“Although the British military strategy of enlisting Tories to pad His Majesty’s forces ultimately failed, the idea was a good one at the time. Twenty to thirty per cent of American colonists upheld their allegiance to the crown in the 1770’s, and another twenty to forty percent remained neutral. Many Englishmen regarded the Patriot cause merely as the disgruntlement of an ungrateful few who were heartily resented by staunch supporters of King George, and so the difficulty of conscripting soldiers from a distance of two thousand miles appeared to have a practical solution. The numbers never materialized, however, in part because of shifting allegiances among the colonists themselves.
“Such political vacillation was the subject of much ridicule, as “The American Vicar of Bray” breezily demonstrates. Published in Rivington’s Royal Gazette on June 30, 1779, the song satirizes the fancy footwork of many colonists who danced to the music of the moment for the sake of “preferment,” that is, out of cowardice or blatant self-interest. Like the cat in the pan, the American Vicar jumps lightly from one side to the other, all the while vowing eternal fealty to the current ruler–”unless the times should alter.” He is true to the principle of expediency, and thus speaks unmistakably in the character of Simon Aleyn, Canon of Windsor and believed to be the original Vicar of Bray.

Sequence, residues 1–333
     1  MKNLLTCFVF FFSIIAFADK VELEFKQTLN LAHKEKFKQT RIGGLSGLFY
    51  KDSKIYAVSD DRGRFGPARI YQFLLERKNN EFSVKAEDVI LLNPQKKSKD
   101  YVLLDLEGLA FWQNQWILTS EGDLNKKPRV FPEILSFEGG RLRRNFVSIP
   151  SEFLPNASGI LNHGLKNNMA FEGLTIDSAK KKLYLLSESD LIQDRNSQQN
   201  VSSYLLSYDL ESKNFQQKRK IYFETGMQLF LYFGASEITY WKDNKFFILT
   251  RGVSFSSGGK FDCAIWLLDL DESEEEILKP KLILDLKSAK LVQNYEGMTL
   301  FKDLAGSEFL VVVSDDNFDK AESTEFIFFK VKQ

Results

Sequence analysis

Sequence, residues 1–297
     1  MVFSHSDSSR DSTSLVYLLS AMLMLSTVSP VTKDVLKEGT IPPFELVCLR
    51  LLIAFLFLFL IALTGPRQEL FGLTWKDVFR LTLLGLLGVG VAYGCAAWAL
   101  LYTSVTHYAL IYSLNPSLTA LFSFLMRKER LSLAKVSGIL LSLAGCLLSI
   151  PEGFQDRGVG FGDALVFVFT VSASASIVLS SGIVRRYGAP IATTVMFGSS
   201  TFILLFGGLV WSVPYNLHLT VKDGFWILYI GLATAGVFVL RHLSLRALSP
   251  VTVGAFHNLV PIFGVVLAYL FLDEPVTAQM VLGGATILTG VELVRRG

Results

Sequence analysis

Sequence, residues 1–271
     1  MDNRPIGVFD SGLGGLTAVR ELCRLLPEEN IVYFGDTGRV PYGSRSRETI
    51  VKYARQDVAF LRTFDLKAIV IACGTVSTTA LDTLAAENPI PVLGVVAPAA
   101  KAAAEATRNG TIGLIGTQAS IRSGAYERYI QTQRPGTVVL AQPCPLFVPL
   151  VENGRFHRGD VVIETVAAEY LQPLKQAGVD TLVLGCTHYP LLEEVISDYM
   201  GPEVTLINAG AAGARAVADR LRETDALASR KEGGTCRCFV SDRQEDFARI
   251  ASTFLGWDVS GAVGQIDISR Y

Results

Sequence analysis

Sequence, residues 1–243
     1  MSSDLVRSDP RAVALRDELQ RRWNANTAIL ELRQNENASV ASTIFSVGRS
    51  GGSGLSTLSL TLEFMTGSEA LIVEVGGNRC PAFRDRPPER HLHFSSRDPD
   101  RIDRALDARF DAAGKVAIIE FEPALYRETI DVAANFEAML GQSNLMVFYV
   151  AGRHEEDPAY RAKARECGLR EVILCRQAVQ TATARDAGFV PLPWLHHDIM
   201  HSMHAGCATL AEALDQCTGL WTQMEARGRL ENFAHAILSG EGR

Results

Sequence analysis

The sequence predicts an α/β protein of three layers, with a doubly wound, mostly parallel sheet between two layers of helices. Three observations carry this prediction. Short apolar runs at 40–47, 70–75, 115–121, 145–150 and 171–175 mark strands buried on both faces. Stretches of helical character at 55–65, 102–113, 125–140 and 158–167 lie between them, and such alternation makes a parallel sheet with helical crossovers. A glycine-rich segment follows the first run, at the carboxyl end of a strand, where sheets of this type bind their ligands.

“Aleyn’s small parish of Bray was located in the Windsor and Maidenhead district of Berkshire County, England, and there he presided from 1540 to 1588. His tergiversation was legendary. He was alternately a Catholic under Henry VIII, a Protestant under Edward VI, a Catholic again under Mary, and a devout Protestant under Elizabeth. He reputedly defended himself by declaring, “If I changed my religion, I am sure I kept true to my principle; which is, to live and die the Vicar of Bray.” Such brazen self-assurance rings throughout the original tune, the lyrics of which were updated in the time of George I to fit the reigning monarchs. In the Royal Gazette version, the American Vicar at least has one moment of self-awareness in stanza six where, because much suspected for his shenanigans, he feels “an ass / In lion’s skin detected.” But the two versions are otherwise identical in tone, as are future incarnations. In a comic opera entitled The Vicar of Bray produced at the Globe Theatre in 1882, the Vicar contrives his daughter’s marriage by switching religious affiliations with the same joie de vivre. A cavalier code of honor is precisely what the words and music of this popular Loyalist song capture so merrily.